If I had my way, the next generation of consoles will all have digital distribution. That’ll stop a lot of the bleeding from used games sales, but it’s mostly the ease of use for me. I remember how, when I got an iPhone, I could just get music by going on my phone and clicking download. And the same is true for Apps.
In my last post, I talked a lot about how people that…well… have a life, play video games. Tradition says that 10 hours is a good length for a single player console game. Is that still true in this day and age?
It’s interesting because games are getting more expensive to make, yet shorter.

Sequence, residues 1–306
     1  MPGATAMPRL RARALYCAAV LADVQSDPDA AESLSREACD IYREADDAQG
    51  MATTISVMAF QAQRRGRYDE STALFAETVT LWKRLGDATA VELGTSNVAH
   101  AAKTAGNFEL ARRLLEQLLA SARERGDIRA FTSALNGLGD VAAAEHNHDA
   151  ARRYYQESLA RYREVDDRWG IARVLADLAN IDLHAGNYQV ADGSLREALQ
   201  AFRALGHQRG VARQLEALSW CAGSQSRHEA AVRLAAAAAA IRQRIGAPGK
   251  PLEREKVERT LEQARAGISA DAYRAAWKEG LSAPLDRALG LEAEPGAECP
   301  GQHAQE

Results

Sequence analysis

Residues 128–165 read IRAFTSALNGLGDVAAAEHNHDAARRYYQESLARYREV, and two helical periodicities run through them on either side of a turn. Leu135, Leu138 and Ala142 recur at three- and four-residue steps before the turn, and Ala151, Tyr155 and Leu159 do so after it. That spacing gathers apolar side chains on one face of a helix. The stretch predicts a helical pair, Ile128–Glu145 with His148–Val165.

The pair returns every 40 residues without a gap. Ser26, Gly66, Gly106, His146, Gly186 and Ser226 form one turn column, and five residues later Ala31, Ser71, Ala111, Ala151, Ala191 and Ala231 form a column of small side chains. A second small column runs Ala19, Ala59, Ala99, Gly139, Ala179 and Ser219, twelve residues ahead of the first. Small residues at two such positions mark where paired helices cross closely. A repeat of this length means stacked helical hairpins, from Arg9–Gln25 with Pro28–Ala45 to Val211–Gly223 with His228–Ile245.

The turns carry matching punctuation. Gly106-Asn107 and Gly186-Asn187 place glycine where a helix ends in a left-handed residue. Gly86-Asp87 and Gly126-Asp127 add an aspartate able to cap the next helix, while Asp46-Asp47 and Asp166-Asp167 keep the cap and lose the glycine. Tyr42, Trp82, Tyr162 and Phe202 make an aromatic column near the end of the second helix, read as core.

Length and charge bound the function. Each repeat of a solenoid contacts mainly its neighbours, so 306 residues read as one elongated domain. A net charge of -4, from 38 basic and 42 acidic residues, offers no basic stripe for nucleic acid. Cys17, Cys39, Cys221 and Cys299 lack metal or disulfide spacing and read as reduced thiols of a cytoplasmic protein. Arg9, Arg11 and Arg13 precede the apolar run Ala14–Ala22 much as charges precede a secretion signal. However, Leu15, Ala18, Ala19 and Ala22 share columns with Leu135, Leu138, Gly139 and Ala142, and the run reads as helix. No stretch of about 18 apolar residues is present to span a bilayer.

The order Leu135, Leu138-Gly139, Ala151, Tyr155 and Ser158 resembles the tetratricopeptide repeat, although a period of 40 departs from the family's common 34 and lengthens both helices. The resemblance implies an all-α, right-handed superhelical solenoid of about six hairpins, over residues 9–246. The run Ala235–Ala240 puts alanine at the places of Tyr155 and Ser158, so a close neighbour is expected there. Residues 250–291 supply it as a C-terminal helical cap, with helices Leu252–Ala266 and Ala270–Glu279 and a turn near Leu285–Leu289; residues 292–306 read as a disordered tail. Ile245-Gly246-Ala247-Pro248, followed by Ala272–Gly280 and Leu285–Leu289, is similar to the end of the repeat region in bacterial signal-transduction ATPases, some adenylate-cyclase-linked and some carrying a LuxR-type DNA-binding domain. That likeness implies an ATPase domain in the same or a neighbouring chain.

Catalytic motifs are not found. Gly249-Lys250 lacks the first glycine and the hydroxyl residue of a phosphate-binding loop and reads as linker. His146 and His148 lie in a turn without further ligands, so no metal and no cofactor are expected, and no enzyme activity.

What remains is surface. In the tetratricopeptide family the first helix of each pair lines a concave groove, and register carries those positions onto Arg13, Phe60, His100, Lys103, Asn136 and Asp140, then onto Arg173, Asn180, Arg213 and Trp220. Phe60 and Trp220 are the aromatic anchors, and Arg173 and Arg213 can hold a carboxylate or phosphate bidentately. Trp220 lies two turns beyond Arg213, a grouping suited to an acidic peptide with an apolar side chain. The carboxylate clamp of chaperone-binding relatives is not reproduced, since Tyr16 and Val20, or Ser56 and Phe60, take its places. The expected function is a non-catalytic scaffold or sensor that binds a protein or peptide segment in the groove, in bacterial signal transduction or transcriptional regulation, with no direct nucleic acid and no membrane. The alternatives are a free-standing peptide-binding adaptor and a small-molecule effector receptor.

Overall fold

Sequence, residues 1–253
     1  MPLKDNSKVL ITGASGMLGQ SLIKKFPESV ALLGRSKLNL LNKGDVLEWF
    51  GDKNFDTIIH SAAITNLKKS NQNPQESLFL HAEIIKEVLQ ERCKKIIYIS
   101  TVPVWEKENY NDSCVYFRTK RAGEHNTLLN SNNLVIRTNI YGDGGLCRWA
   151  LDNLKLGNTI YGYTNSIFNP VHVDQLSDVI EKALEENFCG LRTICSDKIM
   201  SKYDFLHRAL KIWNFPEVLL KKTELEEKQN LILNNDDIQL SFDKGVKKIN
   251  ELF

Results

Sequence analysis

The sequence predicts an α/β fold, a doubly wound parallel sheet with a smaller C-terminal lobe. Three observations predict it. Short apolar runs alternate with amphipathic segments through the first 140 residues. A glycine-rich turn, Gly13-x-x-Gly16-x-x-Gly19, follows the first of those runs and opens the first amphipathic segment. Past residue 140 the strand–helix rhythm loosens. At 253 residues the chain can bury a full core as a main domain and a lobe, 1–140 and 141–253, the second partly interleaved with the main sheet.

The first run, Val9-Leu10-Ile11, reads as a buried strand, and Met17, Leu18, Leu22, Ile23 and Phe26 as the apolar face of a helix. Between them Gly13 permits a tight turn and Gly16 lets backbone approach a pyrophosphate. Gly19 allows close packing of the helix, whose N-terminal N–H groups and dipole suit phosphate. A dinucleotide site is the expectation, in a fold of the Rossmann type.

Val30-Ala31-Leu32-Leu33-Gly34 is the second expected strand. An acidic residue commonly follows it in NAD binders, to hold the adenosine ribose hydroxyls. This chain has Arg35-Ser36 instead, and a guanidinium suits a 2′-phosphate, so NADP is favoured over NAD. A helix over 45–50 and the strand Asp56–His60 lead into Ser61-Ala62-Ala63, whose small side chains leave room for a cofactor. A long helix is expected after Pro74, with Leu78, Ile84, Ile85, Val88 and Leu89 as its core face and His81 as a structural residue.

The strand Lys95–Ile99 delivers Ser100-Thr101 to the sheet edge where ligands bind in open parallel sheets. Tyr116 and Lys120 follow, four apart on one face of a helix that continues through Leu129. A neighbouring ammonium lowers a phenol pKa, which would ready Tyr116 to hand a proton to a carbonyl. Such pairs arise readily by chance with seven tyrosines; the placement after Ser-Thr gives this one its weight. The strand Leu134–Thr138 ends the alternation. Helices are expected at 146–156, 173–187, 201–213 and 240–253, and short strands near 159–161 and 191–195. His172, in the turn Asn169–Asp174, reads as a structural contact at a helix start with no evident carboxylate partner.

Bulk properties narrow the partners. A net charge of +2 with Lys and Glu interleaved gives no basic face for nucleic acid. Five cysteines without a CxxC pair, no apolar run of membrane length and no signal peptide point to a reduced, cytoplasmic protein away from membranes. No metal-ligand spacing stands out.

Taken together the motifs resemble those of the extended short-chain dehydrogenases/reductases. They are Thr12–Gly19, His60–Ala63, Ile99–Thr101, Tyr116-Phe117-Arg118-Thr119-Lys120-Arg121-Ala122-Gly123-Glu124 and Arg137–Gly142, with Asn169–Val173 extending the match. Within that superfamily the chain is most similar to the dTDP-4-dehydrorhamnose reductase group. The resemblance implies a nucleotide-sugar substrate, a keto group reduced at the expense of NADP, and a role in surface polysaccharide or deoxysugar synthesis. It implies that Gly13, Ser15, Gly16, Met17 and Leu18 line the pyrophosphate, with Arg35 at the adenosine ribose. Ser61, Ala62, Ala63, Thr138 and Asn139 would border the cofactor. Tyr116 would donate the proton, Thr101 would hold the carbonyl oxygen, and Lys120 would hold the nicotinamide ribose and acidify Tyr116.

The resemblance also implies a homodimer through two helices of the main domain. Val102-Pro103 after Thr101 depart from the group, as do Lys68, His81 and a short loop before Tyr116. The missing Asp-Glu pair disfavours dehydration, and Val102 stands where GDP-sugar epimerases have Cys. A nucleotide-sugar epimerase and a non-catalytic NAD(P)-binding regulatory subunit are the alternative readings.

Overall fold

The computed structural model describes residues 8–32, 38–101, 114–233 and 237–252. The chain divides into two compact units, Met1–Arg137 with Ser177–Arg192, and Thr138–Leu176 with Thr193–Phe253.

I actually think people’s attention spans are getting shorter and shorter. They have so many options with iPhone and such, that they don’t expect to play such long games. If you remember, the old Final Fantasy games on Nintendo and such, they took weeks to beat.
For me, I like to think the future is all about delivering the game in smaller doses. (He glances to the next room) and that way you don’t get in trouble with your significant other for playing too much…
Seriously though, I think the more mainstream this stuff gets, the shorter and shorter the games will get.
That’s an interesting way to look at it. When you meet someone out somewhere and tell them you’re a game designer, what’s the most common thing they say?
Depends on where I’m at. When I was at Midway, I was younger and hung out with the college crowd. So it was always “Is that like Grandma’s Boy?” Which is weird because that movie’s about a game tester, not a designer…
I get that one a lot too…
When I was at Rockstar, I’d say, “Hey I work at Rockstar.” And people were, like, “The energy drink?”